And, finally, “acceptance of the fact that nobody and nothing outside oneself give meaning to life, but that this radical independence and no-thingness can become the condition for the fullest activity devoted to caring and sharing.”
So that “new man” will always be fully present where he or she is. They will experience the joy that comes form sharing rather than from hoarding and exploiting. They will love and respect life, and try to reduce greed, hate and illusions. And, finally, they will develop their capacity for love, “together with one’s capacity for critical, unsentimental thought. Shedding one’s narcissism and accepting the tragic limitations inherent in human existence.”
This last bit is interesting. Influenced by the romantic ideals of love as it is depicted in popular songs, books and movies, we would not expect the capacity to love to be related to one’s capacity for “critical, unsentimental thought.” In our present societies, being critical and unsentimental is a property of nerds – not exactly the people who devour love stories. But Fromm has a point: the romantisation of love is not what love really needs. If love means to engage with the other person, accepting who they really are, then this kind of love requires a clear-sighted evaluation of both ourselves and the other, and then a totally un-romantic commitment to accept the other person as they really are and to work towards their benefit. Romanticising the other necessarily means replacing the real person with a fictional version that we make up – and this cannot be the basis for the responsible love relationship that is Fromm’s ideal.
If love means to engage with the other person, accepting who they really are, then this kind of love requires a clear-sighted evaluation of both ourselves and the other.
The “new society”
The “new society,” finally, would give up the aim of conquering and exploiting nature, according to Fromm. Instead, it would try to understand and cooperate with nature.
Evil and destructiveness, for Fromm, are necessary consequences of a failure to grow. Remember that Fromm traces aggression and destructiveness to our in-born fear of being free, which leads to our attempts to “escape from freedom”, as he puts it.
In the end, happiness is “the process of ever-growing aliveness, whatever the furthest point is that fate permits one to reach, for living as fully as one can is so satisfactory that the concern for what one might or might not attain has little chance to develop.” This, again, sounds very much like Bertrand Russell’s zest for life.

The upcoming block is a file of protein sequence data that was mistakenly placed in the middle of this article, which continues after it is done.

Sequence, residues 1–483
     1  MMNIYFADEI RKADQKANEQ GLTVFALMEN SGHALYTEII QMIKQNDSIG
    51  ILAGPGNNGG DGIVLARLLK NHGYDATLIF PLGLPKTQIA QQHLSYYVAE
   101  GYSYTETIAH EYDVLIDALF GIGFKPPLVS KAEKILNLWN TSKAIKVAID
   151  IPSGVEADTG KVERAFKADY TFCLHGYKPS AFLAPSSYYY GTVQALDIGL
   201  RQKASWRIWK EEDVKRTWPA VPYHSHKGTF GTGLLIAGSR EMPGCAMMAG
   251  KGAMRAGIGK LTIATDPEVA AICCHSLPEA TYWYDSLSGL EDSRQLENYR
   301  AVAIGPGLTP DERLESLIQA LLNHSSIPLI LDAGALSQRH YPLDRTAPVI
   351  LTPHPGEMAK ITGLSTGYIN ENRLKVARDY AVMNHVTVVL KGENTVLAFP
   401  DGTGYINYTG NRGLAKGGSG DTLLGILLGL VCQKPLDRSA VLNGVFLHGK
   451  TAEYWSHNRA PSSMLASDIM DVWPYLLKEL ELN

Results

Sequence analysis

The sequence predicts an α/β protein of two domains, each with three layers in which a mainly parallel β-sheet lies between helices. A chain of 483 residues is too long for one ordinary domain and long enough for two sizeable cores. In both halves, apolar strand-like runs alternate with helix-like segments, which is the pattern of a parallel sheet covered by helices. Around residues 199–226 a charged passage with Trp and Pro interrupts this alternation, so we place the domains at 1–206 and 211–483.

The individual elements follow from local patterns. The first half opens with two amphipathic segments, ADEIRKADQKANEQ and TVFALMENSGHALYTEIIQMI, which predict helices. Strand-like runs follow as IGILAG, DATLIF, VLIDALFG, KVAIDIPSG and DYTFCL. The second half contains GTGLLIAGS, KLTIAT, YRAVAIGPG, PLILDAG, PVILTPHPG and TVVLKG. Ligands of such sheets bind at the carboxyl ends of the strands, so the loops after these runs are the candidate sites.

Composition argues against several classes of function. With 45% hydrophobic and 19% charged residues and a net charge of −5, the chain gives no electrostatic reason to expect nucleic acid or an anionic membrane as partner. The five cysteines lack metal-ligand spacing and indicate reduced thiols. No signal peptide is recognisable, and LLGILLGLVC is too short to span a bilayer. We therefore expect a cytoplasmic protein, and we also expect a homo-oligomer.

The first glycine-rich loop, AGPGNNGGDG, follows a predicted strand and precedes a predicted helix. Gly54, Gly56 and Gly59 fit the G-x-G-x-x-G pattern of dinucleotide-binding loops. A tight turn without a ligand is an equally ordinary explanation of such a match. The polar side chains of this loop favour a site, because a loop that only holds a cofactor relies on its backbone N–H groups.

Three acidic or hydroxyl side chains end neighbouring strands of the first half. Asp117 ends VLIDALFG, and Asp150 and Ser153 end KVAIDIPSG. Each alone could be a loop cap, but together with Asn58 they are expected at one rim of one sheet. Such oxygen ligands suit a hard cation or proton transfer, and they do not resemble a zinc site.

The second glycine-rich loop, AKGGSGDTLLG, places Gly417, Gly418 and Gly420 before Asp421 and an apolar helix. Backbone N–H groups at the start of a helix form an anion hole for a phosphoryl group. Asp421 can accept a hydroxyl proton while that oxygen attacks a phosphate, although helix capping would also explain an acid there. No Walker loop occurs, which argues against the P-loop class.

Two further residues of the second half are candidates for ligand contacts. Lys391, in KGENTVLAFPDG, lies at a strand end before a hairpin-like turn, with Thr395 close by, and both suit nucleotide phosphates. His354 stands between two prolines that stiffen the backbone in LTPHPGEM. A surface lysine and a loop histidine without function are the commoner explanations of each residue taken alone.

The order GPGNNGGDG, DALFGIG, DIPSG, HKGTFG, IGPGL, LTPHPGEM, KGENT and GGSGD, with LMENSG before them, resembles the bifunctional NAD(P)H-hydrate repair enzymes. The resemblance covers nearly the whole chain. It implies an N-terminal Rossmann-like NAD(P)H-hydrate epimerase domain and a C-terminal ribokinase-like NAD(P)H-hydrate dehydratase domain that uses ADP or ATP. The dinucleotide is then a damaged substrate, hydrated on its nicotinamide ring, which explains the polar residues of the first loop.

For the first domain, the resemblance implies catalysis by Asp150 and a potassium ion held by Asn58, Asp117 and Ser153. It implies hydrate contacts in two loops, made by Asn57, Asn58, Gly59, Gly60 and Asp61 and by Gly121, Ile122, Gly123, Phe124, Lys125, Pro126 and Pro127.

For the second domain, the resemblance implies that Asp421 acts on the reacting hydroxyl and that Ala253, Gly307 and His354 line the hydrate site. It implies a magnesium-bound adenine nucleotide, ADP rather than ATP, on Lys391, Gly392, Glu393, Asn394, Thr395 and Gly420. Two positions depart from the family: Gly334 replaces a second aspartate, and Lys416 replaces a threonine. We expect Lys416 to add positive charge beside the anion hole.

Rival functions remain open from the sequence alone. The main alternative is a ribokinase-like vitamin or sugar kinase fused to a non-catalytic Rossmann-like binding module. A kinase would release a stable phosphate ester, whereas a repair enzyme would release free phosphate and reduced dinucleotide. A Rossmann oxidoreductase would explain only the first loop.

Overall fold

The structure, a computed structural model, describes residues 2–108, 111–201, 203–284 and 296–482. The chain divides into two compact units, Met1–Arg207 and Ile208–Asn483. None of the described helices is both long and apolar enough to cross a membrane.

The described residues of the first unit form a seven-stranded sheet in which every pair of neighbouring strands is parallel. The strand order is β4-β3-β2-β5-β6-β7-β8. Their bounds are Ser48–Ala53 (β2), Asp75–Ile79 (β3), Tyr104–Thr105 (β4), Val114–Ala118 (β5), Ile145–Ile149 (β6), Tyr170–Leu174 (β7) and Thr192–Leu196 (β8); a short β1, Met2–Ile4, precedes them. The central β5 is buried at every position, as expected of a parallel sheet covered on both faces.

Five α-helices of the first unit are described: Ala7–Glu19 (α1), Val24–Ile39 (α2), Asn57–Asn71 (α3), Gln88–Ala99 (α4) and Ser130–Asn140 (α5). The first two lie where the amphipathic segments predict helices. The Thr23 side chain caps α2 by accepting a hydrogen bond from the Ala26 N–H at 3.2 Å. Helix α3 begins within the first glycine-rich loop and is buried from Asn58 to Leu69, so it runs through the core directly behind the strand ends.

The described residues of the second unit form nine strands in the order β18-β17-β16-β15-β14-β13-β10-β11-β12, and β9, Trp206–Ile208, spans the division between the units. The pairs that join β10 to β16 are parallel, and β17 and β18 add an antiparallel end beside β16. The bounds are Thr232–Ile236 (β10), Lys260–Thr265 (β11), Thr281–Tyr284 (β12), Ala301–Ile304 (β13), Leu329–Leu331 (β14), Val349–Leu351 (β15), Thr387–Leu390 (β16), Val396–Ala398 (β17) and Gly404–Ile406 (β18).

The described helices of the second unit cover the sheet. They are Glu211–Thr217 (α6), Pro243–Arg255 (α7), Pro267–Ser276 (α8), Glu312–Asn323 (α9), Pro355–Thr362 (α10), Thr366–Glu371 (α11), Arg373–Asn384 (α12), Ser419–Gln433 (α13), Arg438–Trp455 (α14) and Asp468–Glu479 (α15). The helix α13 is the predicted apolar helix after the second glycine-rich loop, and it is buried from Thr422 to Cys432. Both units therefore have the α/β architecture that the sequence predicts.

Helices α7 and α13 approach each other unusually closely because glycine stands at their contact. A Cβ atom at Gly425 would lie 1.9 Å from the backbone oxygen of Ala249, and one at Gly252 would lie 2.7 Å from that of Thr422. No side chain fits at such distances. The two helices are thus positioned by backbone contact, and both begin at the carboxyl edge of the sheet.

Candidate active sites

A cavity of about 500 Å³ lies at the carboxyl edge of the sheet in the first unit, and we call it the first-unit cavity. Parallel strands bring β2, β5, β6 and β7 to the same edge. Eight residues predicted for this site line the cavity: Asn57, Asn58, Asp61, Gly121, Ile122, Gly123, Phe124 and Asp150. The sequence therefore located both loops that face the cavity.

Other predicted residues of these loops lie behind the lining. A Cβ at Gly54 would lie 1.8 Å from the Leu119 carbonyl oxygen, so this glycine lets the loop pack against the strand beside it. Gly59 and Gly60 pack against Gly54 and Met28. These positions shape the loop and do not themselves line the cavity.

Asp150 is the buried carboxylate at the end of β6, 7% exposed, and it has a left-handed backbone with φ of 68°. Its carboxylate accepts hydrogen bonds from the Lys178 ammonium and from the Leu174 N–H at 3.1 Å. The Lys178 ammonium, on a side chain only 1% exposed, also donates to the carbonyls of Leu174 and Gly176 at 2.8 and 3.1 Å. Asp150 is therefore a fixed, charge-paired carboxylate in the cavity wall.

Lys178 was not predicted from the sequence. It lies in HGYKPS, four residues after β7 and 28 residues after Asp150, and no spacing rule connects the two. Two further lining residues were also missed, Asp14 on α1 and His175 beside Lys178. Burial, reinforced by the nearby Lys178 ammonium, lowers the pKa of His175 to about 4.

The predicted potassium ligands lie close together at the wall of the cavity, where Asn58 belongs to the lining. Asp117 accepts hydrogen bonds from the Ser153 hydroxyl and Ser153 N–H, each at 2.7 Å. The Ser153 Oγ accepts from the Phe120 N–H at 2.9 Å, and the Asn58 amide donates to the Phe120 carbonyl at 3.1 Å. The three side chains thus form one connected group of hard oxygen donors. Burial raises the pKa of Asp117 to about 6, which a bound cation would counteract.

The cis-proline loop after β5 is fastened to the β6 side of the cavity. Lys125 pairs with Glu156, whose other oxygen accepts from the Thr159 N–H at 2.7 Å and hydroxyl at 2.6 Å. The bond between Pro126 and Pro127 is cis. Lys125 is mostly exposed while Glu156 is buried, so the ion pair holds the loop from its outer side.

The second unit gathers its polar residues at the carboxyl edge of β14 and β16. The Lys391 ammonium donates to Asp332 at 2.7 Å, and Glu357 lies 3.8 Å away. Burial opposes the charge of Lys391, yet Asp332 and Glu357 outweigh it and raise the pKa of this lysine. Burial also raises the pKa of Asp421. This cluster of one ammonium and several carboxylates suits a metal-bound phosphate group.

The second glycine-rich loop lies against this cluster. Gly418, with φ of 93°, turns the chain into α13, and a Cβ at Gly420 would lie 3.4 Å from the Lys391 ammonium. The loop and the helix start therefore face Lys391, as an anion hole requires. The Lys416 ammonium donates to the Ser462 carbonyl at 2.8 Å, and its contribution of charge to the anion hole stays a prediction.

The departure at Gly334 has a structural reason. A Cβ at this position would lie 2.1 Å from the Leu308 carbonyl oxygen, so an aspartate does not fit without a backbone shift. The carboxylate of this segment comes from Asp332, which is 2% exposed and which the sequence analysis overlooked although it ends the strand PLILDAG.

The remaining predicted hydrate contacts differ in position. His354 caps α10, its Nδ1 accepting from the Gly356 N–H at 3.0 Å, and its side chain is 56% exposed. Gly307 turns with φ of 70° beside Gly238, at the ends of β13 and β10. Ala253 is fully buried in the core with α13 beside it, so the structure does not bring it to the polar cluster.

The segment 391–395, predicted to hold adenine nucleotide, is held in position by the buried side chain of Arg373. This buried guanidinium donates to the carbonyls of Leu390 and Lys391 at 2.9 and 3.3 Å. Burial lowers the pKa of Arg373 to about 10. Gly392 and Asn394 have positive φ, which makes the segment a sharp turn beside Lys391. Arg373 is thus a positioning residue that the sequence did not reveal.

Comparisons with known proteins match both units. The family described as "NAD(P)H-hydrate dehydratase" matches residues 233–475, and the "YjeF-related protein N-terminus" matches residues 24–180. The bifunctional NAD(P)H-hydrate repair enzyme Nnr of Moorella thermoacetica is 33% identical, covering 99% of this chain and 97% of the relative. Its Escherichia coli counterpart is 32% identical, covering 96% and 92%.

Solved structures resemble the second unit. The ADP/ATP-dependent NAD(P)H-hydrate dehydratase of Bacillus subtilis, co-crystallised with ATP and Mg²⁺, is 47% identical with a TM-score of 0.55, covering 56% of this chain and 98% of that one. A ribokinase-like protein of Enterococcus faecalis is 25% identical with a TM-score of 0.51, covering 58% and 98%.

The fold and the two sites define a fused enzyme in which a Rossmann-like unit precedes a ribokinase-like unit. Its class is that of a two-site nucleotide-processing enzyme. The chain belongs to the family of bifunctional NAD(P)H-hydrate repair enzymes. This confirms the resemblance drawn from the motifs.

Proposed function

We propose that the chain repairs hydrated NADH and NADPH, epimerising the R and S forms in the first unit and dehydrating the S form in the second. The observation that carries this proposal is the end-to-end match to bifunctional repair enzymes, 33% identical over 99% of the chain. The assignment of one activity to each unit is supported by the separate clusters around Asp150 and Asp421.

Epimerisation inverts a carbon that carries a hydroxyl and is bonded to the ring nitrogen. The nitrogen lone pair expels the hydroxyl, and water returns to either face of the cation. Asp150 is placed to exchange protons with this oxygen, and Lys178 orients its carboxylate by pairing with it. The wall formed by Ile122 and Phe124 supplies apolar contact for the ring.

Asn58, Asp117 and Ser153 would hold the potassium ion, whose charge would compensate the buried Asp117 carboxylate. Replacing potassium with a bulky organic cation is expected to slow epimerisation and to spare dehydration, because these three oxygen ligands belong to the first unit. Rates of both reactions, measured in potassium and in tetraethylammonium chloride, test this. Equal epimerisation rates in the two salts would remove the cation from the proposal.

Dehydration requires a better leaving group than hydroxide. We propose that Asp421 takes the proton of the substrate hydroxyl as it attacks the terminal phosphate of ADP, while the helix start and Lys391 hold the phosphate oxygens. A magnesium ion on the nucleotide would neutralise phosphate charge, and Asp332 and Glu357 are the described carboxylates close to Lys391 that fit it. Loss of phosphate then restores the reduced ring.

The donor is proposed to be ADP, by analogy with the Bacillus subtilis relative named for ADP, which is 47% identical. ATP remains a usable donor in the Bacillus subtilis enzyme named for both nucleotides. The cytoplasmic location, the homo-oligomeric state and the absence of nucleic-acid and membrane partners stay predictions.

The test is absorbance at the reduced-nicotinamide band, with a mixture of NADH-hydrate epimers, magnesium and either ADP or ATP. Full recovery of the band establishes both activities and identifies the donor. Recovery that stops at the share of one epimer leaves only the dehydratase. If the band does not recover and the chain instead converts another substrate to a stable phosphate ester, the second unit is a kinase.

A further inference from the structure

Difficulties a new society would face
Of course, the change towards a utopian society like that would not come easily. Fromm thinks that this new society would have to overcome a number of obstacles.
First, it would have to “solve the problem of how to continue the industrial mode of production without total centralisation.” We saw in the previous post, how Karl Marx thinks that the capitalist mode of production necessarily needs to more and more capital being concentrated in the hands of those who are already rich, and how this leads to widespread alienation in the lives of the working classes.
The Happier Society. Erich Fromm and the Frankfurt School.
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This is an edited and expanded version of the articles published on tis site.
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But, of course, nobody would want to completely dismantle industrial society – and Fromm is realist enough to acknowledge that. No matter what we think about Marx and the evils of capitalism, we all would like to keep having access to electricity, the Internet, cheap clothing, safe and available housing, a stable supply of food and other agricultural products and medical technologies.
Such a society, Fromm thinks, would have to “combine overall planning with a high degree of decentralisation, giving up the ‘free-market economy,’ that has become largely a fiction.” As part of that, the new society would have to give up the goal of unlimited growth (and we can see the problems of this paradigm of unlimited growth in our times much clearer than Fromm could in the 1970s). A new society would have to replace this ideal with “selective growth” that focuses perhaps on the things that we really need in order to live good, satisfied lives – and particularly to create a “general spirit in which not material gain but other, psychic satisfactions are effective motivations.”
The new society would have to create the conditions for true happiness and joy, rather than make us chase after material goods and short-term pleasure.
All this could only be achieved by a society that is able to control scientific progress and prevent it “from becoming a danger to the human race by its practical application.” It would have to create the conditions for true happiness and joy, rather than make us chase after material goods and short-term pleasure. And it would have to “give basic security to individuals without making them dependent on a bureaucracy to feed them.”
If all this sounds like a tall order, it is. But then, utopias are supposed to be hard to get. How this ideal world would work economically, Fromm does not say: he is not an economist, after all, but a psychiatrist.
But whether we manage to make Fromm’s vision (or something similar) come true one day is beside the point — and probably Fromm would be the first to say so. He wouldn’t encourage us to go on dreaming about a better world, but, as with his ideal lovers, he would like us to be unsentimental, critical, and clear-eyed. To see what is wrong about our world and to go out, screwdriver, megaphone, pen or ballot in hand, and to fix these things, one by one, until we have created a world that is better than the one we were born into.
This is all one can ask, and perhaps Fromm is right in one point: that this is what we should be doing with out time down here.
Return to The Ultimate Guide to the Philosophy of Erich Fromm.